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PhD student, The University of Sydney


Looking for and systematically characterise new battery material candidates with high performances

As a result of increased energy demand, energy storage has become a growing global concern over the past decade. Electrochemical energy storage (EES) technologies based on batteries are beginning to show considerable promise as a result of many breakthroughs in the last few years due to their appealing features include high round-trip efficiency, flexible power, and energy characteristics to meet different grid functions, long cycle life, and low maintenance. My PhD project focuses on the discovery, characterisation and optimisation of electrode and solid electrolyte materials in both lithium ion batteries and sodium ion batteries, in which the investigation of materials nuclear & magnetic structures and the dynamics of Li+/Na+ is a key issue. Three techniques below are heavily utilized in my project: (1) Ab initio calculations. It is employed to identify and compare the energies of framework structures (for both nuclear and magnetic) with hosting Li/Na from materials data mining, which give an improved understanding of how the experimentally determined structures arise and how they will evolve with mobile ion concentration under electrochemical cycling. Knowledge of the ground-state magnetic structure also permits the accurate calculation of redox potentials, in conjunction with electrochemical measurements. (2)Neutron scattering technique. It concerns new crystalline materials for light metal-ion batteries, in several ways. Neutron diffraction reveals the location and occupancies of Li/Na sites in the crystal lattice, and hence conduction pathways. In situ experiments explicitly reveal Li/Na ion mobility, as well as phase changes under operating conditions that undermine long-term stability. Inelastic and quasielastic neutron scattering probe the dynamics of the mobile ions and the supporting lattice. Besides, low-temperature neutron diffraction reveals the spin-ordered ground states of the transition metal counter-cations, which are not only fundamentally fascinating due to their complex super-super-exchange pathways, but also characteristic of their electrochemical states in batteries. (3) In-situ transmission electron microscopy characterization. It is performed to study materials degrade on a larger scale over repeated cycling: nanocrystallisation, and changes in the roughness of the interfaces. The information of the materials failure collected by virtue of this technique will help to effectively design the accurate ways to optimise the materials.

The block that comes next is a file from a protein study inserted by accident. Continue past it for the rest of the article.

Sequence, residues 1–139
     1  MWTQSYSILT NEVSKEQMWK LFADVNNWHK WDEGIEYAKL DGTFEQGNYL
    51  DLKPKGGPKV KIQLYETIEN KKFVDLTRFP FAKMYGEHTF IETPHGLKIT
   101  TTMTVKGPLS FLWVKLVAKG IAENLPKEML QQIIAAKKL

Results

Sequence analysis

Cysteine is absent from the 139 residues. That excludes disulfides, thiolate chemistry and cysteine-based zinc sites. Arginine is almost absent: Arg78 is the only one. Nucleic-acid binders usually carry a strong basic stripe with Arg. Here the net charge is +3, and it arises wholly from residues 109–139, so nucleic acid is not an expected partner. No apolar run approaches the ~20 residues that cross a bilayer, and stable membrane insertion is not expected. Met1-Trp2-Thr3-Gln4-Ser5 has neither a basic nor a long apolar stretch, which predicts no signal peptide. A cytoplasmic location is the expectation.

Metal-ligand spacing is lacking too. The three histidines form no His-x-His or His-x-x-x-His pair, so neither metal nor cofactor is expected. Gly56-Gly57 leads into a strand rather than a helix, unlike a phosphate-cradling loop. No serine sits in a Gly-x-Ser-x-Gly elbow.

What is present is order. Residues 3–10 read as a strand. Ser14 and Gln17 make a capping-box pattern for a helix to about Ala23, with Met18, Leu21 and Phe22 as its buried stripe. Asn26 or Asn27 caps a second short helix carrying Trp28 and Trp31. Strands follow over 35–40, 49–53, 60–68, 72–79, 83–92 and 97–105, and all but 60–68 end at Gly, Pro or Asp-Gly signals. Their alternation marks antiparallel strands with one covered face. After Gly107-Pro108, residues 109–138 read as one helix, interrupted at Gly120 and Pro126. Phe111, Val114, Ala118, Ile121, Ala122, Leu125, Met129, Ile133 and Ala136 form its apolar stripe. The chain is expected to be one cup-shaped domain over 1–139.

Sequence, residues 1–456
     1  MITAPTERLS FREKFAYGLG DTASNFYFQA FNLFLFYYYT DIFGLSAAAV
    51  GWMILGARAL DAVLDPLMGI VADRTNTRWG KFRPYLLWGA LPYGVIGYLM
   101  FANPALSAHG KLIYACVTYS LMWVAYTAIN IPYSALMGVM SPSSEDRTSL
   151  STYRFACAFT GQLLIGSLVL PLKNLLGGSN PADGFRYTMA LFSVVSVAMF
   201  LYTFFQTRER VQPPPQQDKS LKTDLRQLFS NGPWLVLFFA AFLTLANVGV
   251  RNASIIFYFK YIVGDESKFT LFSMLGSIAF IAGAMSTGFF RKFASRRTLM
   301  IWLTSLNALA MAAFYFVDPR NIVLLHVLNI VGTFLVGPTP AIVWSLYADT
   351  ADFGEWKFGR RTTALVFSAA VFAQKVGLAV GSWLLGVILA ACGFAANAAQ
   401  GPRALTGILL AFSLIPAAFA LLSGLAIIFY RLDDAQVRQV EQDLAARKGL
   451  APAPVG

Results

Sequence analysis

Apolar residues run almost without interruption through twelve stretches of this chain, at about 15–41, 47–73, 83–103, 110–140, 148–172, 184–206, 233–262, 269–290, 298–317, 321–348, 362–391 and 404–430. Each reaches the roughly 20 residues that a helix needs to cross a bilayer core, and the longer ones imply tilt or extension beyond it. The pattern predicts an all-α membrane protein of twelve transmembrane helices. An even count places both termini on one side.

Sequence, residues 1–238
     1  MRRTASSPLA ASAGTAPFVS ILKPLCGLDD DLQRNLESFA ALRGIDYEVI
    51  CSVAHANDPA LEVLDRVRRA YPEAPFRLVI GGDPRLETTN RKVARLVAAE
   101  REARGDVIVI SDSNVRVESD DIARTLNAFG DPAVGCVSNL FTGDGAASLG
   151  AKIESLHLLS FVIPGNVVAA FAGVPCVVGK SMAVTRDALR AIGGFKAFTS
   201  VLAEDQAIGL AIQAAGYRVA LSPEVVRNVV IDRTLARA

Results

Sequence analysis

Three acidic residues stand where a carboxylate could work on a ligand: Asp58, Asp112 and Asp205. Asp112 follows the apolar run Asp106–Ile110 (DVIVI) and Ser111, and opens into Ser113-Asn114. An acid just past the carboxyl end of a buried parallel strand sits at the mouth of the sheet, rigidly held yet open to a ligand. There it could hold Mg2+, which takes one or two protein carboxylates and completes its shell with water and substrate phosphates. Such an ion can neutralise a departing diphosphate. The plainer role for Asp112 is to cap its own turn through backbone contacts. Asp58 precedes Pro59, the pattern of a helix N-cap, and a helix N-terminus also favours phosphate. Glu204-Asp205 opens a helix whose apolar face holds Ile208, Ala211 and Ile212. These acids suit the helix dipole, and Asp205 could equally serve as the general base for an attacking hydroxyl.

In situ TEM probing of crystallization form-dependent sodiation behavior in ZnO nanowires for sodium-ion batteries

Abstract: Development of sodium-ion battery (SIB) electrode materials currently lags behind electrodes in commercial lithium-ion batteries (LIBs). However, in the long term, development of SIB components is a valuable goal. Their similar, but not identical, chemistries require careful identification of the underlying sodiation mechanism in SIBs. Here, we utilize in situ transmission electron microscopy to explore quite different sodiation behaviors even in similar electrode materials through real-time visualization of microstructure and phase evolution. Upon electrochemical sodiation, single-crystalline ZnO nanowires (sc-ZNWs) are found to undergo a step-by-step electrochemical displacement reaction, forming crystalline NaZn13 nanograins dispersed in a Na2O matrix. This process is characterized by a slowly propagating reaction front and the formation of heterogeneous interfaces inside the ZNWs due to non-uniform sodiation amorphization. In contrast, poly-crystalline ZNWs (pc-ZNWs) exhibited an ultrafast sodiation process, which can partly be ascribed to the availability of unobstructed ionic transport pathways among ZnO nanograins. Thus the reaction front and heterogeneous interfaces disappear. The in situ TEM results, supported by calculation of the ion diffusion coefficient, provide breakthrough insights into the dependence of ion diffusion kinetics on crystallization form. This points toward a goal of optimizing the microstructure of electrode materials in order to develop high performance SIBs.

Pub.: 13 Sep '16, Pinned: 30 Aug '17